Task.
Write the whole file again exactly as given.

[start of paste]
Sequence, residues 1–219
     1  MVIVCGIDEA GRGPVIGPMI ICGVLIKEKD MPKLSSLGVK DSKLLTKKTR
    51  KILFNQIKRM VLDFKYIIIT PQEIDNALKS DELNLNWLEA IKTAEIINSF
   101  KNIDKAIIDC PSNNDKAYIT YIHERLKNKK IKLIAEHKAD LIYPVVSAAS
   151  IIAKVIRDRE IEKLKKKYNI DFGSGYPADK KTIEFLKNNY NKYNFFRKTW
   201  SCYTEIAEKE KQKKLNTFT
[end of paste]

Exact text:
Sequence, residues 1–219
     1  MVIVCGIDEA GRGPVIGPMI ICGVLIKEKD MPKLSSLGVK DSKLLTKKTR
    51  KILFNQIKRM VLDFKYIIIT PQEIDNALKS DELNLNWLEA IKTAEIINSF
   101  KNIDKAIIDC PSNNDKAYIT YIHERLKNKK IKLIAEHKAD LIYPVVSAAS
   151  IIAKVIRDRE IEKLKKKYNI DFGSGYPADK KTIEFLKNNY NKYNFFRKTW
   201  SCYTEIAEKE KQKKLNTFT